At the time, most of the Quorum of the Twelve Apostles were in the east on missions. Two days before the murders, Parley P. Pratt, one of the Twelve, was impressed to leave New York and return to Nauvoo. He learned of the martyrdom on his journey home. As he walked across the plains of Illinois, filled with sorrow and wondering how to comfort the members in Nauvoo, he stopped and prayed for help. He wrote, “The Spirit said unto me: … ‘Go and say unto my people in Nauvoo, that they shall continue … to build the House of the Lord which I have commanded them to build in Nauvoo.’”

Because the members carried on so well and the temple was still being built despite the death of the prophet, anti-Mormons increased their persecution of the members and made attempts to drive away the Saints. And so, on September 24, 1845, the Quorum of the Twelve Apostles announced that the Saints would leave the following spring. Even though the members knew that they would again be forced to leave their temple behind, they worked harder than ever to finish it. They wanted very much to receive its sacred ordinances before moving west.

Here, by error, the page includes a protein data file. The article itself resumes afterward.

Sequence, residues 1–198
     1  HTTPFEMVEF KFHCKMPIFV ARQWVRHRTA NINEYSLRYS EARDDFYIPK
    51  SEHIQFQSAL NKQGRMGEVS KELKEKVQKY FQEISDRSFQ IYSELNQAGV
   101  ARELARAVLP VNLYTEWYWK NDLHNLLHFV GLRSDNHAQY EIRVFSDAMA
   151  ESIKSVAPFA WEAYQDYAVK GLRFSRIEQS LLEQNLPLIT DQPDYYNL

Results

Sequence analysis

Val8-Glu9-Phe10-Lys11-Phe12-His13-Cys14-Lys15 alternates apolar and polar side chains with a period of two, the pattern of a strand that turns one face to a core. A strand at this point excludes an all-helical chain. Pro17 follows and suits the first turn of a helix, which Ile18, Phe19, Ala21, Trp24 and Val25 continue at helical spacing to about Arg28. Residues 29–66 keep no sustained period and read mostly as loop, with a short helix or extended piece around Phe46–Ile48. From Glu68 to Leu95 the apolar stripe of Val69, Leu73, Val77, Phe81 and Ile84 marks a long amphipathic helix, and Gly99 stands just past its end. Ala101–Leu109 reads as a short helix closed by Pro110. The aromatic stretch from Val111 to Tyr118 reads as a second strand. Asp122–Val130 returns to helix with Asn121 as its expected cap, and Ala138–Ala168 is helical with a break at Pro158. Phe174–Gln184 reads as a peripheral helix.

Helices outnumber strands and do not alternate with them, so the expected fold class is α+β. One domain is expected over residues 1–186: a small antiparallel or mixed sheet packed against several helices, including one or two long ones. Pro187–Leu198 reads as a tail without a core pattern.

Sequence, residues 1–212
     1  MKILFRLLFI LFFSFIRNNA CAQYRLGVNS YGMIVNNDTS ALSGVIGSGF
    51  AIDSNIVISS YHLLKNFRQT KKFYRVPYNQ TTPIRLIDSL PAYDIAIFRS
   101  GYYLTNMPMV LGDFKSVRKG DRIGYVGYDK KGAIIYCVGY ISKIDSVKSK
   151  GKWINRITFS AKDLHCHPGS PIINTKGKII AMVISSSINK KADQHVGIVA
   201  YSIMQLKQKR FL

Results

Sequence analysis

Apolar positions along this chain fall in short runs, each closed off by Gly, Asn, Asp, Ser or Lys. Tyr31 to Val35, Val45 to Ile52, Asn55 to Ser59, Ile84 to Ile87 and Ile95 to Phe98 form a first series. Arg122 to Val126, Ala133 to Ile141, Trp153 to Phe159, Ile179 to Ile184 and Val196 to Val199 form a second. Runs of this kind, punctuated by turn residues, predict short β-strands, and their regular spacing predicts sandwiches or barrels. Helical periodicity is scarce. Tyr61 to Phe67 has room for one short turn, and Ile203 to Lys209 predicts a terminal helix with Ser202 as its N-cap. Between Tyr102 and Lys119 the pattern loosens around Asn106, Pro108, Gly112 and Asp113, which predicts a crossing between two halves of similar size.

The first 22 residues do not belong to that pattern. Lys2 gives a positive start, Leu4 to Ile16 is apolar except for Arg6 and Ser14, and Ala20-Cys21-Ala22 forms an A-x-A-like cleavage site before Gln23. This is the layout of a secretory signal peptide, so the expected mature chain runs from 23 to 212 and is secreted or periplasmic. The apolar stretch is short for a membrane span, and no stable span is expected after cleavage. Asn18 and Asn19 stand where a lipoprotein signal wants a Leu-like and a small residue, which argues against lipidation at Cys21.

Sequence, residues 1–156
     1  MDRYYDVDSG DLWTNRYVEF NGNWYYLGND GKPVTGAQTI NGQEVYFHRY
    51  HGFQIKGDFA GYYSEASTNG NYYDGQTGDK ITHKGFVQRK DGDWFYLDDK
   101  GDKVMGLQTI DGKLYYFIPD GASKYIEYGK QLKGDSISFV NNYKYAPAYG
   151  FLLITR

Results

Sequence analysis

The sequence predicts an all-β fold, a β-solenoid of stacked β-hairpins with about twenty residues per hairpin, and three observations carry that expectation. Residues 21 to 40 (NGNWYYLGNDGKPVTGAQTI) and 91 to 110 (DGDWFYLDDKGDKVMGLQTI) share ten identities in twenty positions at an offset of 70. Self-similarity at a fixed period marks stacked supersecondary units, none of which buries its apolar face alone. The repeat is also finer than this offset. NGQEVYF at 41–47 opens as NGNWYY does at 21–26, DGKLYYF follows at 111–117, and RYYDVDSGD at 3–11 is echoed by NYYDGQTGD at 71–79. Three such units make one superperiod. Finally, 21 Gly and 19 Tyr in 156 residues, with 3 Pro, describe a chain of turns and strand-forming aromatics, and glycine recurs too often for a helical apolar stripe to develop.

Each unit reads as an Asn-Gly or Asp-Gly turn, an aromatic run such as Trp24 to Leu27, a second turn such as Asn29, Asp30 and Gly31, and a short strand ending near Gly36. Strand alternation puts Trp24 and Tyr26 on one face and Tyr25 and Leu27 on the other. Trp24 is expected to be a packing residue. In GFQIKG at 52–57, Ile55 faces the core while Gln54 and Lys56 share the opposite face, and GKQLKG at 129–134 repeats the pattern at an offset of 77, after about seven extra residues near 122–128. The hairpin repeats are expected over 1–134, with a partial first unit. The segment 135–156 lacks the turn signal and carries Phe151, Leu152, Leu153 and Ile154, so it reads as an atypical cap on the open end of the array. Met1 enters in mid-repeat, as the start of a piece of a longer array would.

Rooms in the temple were dedicated as soon as they were completed so that ordinance work could be performed immediately. The October 1845 general conference was held in the partly finished building. Brigham Young offered the opening prayer, calling the temple “a monument of the saints’ liberality [generosity], fidelity, and faith.” He and Heber C. Kimball began giving endowments to faithful Latter-day Saints on December 10, and so many people wanted to receive them that endowment sessions were continued until three o’clock the next morning.

The Church’s enemies, upon seeing all the activity at the temple, tried to have Brigham Young arrested. On December 23, government officials waited outside the temple to arrest him. Learning that they were there, Brigham prayed for guidance and protection so that he could “live to prove advantageous to the Saints.” Then he saw William Miller, a man his same height, nearby.